Thus the whole revolutionary movement is unavoidably one of splits and fusions that bewilder the uninitiated. Yet these splits are not meaningless, nor are they based merely upon personalities. They but reflect the dialectical processes of life that must be understood if we are to become politically mature.

Liberalism, Anarchism, Syndicalism, Socialism, Fascism, and Communism influence the lives of tens and hundreds of millions. Liberalism in England and the United States, Anarchism in the Latin and South and Central American countries, Syndicalism in Spain, Socialism in Europe, Fascism in Italy and in Germany, and Communism in the Soviet Union carry behind them the weight and momentum of enormous masses. These "isms" have become powers and forces that clash for the mastery of the world.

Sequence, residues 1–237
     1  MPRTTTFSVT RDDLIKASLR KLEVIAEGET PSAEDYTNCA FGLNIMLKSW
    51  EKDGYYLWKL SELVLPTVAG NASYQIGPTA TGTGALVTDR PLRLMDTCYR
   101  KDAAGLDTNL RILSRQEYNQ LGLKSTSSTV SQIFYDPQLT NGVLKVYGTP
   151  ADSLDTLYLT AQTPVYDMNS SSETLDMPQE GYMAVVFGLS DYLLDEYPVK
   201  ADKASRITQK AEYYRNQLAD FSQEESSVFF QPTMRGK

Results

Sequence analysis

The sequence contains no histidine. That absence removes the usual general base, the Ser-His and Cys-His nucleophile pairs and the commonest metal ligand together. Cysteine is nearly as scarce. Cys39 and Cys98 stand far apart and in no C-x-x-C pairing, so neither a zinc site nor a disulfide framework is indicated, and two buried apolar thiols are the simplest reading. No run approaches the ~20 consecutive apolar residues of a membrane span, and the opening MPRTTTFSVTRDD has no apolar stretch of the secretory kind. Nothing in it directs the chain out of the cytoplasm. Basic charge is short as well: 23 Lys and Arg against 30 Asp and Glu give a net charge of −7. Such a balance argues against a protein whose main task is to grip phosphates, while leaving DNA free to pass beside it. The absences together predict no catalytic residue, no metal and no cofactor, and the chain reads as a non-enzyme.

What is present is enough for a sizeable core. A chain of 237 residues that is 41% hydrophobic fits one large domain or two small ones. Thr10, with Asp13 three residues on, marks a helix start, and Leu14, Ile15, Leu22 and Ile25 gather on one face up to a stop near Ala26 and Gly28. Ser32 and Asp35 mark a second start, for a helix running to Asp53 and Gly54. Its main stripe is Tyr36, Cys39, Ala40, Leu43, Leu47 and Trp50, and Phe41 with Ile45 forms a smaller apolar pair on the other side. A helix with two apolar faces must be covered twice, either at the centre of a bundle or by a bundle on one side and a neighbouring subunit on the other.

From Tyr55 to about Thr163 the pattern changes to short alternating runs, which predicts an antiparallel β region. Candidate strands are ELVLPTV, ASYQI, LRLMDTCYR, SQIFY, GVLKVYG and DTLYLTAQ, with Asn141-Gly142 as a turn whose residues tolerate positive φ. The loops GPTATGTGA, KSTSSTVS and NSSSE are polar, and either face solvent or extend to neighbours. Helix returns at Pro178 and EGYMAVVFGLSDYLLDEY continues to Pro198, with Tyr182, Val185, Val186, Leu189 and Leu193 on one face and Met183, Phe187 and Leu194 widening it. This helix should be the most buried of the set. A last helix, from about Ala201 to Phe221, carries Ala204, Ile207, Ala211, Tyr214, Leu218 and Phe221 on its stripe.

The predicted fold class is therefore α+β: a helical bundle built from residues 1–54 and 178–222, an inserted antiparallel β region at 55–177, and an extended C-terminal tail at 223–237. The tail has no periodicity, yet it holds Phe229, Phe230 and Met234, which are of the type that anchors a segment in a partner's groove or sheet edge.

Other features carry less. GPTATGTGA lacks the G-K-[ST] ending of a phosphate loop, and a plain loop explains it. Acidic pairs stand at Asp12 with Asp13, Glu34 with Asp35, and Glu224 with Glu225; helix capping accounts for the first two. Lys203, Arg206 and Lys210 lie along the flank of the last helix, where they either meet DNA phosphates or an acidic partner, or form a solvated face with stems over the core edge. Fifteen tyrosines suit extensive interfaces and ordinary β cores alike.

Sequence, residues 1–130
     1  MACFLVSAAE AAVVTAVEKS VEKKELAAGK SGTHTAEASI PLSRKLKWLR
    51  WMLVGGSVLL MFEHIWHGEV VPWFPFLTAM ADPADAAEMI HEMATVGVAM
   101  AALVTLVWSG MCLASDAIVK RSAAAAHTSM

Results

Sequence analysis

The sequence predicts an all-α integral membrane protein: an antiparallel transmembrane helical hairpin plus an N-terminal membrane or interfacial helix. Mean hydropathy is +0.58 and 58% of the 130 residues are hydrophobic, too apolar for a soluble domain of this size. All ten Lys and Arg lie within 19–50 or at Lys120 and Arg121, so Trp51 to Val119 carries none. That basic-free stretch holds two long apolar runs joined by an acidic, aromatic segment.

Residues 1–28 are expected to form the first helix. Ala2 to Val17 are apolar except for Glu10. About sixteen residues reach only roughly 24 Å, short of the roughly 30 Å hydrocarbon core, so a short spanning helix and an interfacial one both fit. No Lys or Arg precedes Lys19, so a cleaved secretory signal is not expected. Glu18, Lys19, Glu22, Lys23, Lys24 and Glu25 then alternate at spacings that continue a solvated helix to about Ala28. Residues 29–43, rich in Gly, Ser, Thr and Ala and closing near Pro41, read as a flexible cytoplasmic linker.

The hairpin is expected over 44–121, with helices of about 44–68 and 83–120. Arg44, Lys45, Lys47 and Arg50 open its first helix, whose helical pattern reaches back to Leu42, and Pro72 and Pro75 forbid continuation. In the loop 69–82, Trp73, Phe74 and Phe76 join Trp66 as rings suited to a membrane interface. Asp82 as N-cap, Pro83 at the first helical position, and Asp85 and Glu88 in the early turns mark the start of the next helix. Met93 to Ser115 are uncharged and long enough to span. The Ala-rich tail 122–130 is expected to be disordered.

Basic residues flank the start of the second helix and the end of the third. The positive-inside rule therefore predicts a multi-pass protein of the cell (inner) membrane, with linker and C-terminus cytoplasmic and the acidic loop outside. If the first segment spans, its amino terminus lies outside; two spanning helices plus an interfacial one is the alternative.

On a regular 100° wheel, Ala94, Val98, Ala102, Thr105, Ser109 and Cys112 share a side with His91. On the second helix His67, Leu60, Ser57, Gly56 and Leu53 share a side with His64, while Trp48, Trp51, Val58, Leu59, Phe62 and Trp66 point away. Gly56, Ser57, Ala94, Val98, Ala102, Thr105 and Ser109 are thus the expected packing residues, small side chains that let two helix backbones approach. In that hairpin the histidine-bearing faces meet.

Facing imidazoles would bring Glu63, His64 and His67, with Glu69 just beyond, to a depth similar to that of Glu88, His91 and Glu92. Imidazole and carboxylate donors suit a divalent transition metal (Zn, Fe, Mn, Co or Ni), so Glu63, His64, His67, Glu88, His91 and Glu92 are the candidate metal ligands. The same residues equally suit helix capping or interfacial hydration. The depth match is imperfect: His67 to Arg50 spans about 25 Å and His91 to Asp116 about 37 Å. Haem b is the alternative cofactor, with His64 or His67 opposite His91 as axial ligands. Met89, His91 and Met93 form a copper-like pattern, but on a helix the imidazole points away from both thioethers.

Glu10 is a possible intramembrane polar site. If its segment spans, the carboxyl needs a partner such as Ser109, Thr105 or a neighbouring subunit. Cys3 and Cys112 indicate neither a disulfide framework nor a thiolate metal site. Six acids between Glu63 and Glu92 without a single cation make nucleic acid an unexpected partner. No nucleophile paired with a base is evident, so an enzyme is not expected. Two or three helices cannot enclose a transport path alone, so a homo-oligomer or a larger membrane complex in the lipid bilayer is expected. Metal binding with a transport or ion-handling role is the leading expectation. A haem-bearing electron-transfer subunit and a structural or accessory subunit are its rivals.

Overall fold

1 By classes we mean groups bound together, on the whole, by common interests springing from their role in the productive process and in the social distribution of wealth. Such a class is, for example, the capitalist, subdivided into landlords, industrialists, merchants, bankers, and others. Such also is the proletariat, and similar groupings. Classes change with the mode of production.

No classes, no State. The State has its origin in the class struggle. The State is marked according to which class system is expressed through the State power. Thus there is a Slave State, a Feudal State, a Capitalist State, a Workers' State.

2 .The Athenian City State in Ancient Greece was an anti-democratic Republic based on slavery. When the thirteen colonies formed the United States of America, they created a non-democratic Republic.